I’m not a science instructor; I’m a community college librarian who works with some science classes and it’s likely that next fall I’ll become the liaison to science and engineering. So an important role I can play is in helping students to find and recognize appropriate sources for their research, and develop strategies for reading research articles.

I don’t know if it’s possible or workable, but if I could use a hotspot and offer a question with a branch point that might revolutionize my current “How to read a research article when you’re a beginning scientist” materials.

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I liked that example too as something for Hotspot images different from anatomy diagrams.

For the content that does appear on clicking a hotspot, you can include both embedded images, and web hyperlinks. But it is pretty much for a granular activity, something where it is important to know locations, parts, in a larger whole, but is built around a single image as the base.

There are other possibilities like the Branching Scenario tool but also the Course Presentation tool has a means to branch to other internal content.

Or you could create some comprehension/self check activities based on sample content. The Essay tool allows free writing responses, but it really checks a fixed list of expected responses. The Summary tool is also interesting as it creates a series of activities that work through finding the main points of a reading or a concept.

But I am just throwing tools at you! What is your current approach / design for showing how to read research articles?

I am not sure if these help and they are not quite what you are doing, but see the functionality in York University’s piece on Finding the Right Resources


And this use of the “personality quiz” to provide a series of questions for geoscience students to find a best suggestion for a research database


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Thanks, Alan. I enjoyed learning about the Document Tool, and exploring H5Ps from here and there. The one I choose to share is this branching scenario titled Skills Practice: A Home Visit. It’s an award winning serious game - I am very impressed with how it looks.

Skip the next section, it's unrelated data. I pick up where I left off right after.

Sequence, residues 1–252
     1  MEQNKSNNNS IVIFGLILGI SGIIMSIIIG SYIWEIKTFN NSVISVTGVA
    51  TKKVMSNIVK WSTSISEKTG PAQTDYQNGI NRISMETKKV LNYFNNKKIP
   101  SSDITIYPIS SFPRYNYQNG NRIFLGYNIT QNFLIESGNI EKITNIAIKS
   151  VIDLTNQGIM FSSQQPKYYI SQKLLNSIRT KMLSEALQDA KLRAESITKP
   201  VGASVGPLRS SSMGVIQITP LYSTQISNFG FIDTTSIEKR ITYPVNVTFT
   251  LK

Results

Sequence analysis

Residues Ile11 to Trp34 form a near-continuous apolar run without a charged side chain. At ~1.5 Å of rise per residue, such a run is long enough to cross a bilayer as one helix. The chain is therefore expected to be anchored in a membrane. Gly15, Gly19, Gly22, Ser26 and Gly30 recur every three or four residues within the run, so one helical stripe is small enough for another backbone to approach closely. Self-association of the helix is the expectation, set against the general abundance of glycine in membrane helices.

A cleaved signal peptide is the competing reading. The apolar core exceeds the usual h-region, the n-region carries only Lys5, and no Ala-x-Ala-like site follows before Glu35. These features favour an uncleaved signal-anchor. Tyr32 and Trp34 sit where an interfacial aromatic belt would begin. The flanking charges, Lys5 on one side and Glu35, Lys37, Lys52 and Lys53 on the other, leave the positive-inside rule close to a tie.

That is a worthy example; keep in mind the Branching Scenario is on the more complex end of the H5P tool spectrum.

For more, see:

The Skills Practice example looks to be a prototype that was developed at Ryerson University. The published simulation has much of this design, the video segments and branch questions, but from what I can tell is not being published as H5P. See


Still, it is a prime example of what is possible in a learner choice environment.

@cogdog I found some H5P located in a Pressbook and I would like to reuse it. I want to translate it into Spanish for an orientation we are creating. The problem is I am not seeing the three button at the bottom of the media file so I could export it.

I found it in this Pressbook 3.2 Identifying Key Terms – Library Research Skills for First Year Seminar Students
Could you assist?

Unfortunately this was the decision of the authors to not make these options available. There are settings in the Pressbooks authoring interface for the H5P content that had disabled the reuse, rights of use, and embed buttons. Perhaps they do not want to share or just wanted a simpler display? Either way that’s not as open as it could be, they have taken away one of the 5 Rs.

I would suggest contacting the Augustine Library authors with your interest. They might be able to make the change or share the H5P content files (?). Or if you have access to a hosted Pressbooks platform your tech staff might be able to clone a copy of the Pressbook with all the H5P there.